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Whisky-dave
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Posts: n/a
 
      05-30-2012
On May 29, 4:19*pm, Savageduck <savageduck1@{REMOVESPAM}me.com> wrote:
> On 2012-05-29 07:22:07 -0700, Whisky-dave <(E-Mail Removed)> said:
>
>
>
>
>
>
>
>
>
> > On May 28, 4:19*pm, Mxsmanic <(E-Mail Removed)> wrote:
> >> Whisky-dave writes:
> >>> But why have this reflex what is the purpose, cover yuotr eyes and you
> >>> can;t see anything.

>
> >> It prevents eye damage.

>
> > flight or fight prevents eye damge yes.
> > Trying to calmly evaluate such a situation is a flawed concept.

>
> >>> No it;'s the smell,.

>
> >> We instinctively dislike certain smells and tastes.

>
> > But why ?
> > Have you ever thought about it.
> > Some are learned or are personal to individuals like wheich wione they
> > prefer,
> > but as just aboubt everyone is turned off by rotten flest why ius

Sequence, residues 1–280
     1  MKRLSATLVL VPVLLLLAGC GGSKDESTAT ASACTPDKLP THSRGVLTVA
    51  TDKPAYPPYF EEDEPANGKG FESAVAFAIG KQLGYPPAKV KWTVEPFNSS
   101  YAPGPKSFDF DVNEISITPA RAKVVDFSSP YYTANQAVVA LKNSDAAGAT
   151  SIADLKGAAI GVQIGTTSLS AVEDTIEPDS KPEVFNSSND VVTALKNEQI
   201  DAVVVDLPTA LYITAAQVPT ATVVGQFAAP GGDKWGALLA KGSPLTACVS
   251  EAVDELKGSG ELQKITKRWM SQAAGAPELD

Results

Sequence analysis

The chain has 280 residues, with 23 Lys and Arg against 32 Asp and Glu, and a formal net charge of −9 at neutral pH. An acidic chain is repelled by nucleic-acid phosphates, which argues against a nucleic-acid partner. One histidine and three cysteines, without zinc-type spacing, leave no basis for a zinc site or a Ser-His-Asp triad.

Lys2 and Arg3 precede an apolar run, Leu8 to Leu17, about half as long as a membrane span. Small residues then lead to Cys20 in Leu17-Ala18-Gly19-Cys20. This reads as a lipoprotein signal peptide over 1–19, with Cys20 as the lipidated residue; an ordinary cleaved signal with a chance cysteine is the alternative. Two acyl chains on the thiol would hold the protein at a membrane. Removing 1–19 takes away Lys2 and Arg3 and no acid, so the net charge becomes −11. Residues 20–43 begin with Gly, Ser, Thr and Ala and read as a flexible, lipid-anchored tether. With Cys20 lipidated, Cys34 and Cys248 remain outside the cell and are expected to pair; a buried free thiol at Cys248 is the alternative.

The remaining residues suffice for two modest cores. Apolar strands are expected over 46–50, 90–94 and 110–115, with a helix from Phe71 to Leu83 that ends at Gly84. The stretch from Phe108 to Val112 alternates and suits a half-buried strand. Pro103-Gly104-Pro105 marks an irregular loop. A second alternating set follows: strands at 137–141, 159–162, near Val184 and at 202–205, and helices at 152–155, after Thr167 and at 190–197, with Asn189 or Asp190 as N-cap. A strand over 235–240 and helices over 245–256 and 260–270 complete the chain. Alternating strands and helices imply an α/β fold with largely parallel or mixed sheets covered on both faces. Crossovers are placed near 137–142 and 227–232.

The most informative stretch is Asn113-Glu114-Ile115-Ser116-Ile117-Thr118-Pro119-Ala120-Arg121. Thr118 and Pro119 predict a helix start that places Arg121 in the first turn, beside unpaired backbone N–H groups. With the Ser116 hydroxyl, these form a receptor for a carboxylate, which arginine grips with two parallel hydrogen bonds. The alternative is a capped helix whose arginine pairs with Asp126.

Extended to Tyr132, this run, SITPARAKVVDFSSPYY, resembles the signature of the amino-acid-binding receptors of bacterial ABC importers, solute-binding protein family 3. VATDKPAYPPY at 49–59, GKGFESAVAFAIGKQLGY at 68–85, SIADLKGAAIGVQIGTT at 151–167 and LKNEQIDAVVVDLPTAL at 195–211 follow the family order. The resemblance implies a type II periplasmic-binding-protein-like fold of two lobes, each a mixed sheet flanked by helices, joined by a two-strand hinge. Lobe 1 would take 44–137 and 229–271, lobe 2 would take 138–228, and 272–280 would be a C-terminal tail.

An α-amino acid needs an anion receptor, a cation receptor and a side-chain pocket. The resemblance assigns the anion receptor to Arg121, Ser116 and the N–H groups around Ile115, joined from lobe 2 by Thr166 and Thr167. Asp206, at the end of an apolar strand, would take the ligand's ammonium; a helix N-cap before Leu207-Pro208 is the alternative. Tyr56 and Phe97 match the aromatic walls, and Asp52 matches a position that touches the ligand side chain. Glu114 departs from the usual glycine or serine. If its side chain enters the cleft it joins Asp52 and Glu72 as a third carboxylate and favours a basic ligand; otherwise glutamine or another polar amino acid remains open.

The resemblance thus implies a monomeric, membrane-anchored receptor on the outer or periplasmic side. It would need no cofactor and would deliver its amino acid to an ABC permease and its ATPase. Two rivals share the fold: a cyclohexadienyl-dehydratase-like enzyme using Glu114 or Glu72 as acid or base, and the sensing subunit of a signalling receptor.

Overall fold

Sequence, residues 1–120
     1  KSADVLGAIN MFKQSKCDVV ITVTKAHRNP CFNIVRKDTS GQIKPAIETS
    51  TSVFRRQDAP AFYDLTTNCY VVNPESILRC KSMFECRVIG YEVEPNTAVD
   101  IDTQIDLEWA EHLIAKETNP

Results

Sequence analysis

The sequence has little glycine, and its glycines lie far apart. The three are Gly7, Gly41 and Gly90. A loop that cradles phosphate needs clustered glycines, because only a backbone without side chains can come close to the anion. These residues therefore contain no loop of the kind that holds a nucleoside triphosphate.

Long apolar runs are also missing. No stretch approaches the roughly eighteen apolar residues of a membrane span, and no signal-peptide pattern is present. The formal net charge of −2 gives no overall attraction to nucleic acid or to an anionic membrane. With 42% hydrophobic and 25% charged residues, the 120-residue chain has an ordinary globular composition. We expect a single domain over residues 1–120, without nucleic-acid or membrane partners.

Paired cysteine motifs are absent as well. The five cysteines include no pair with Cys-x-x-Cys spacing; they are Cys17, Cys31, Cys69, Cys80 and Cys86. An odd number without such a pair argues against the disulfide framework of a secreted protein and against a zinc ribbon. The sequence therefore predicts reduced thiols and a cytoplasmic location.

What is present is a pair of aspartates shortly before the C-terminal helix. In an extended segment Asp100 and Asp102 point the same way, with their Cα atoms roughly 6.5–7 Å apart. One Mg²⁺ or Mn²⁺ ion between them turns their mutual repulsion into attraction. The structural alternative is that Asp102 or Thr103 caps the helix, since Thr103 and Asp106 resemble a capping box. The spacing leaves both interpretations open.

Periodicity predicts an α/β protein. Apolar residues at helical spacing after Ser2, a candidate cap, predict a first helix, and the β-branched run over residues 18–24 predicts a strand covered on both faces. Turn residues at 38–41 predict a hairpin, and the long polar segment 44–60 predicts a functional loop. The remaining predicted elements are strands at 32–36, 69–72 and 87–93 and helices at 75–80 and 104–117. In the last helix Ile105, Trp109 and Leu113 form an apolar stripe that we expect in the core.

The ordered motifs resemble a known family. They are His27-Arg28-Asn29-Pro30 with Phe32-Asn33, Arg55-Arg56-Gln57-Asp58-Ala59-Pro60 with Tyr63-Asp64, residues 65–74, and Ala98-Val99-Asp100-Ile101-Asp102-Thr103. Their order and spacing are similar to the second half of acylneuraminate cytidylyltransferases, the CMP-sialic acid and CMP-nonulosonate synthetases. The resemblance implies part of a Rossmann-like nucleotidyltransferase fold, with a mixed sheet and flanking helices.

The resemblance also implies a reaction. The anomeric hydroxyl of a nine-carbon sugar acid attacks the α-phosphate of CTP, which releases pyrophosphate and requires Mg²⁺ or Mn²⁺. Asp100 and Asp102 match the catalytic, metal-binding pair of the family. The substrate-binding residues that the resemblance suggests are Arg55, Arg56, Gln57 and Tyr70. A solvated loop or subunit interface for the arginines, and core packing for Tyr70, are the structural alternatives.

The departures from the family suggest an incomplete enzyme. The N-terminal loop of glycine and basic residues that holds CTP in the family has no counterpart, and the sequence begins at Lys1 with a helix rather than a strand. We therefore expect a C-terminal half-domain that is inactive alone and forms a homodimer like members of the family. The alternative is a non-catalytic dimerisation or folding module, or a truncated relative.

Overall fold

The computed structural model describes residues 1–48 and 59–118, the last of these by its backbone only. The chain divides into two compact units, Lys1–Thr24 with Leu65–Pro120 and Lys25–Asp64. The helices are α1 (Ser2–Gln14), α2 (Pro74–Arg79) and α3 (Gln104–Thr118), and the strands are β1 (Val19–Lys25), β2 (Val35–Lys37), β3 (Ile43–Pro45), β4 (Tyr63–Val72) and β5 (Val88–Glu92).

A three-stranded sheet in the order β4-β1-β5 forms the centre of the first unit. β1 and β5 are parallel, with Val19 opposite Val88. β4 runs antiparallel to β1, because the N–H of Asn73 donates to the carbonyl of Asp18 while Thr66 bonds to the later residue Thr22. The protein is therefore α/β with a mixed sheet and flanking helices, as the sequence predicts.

> > that
> > flies, hyenias and other animals aren't turned off, in fact they find
> > itn attractive .

>
> You guys haven't been anywhere near a ripe dead body have you?


I ndon;t need to In heard the details froim scintsits who study these
things.
IIRC it was This Week In scince that reported on the chemicals/odour
produced by rotting flesh
which is caused by a particlualr bacteria which will kill hiumans in
even small quantities
so were' very reluctant to put anaything that5 smells like that
anywhere near our noses and mouth,
because it's so toxic.

> A body that has been in water for about two weeks, or one that has been
> badly burned, or has been discovered by a neighbor after several days.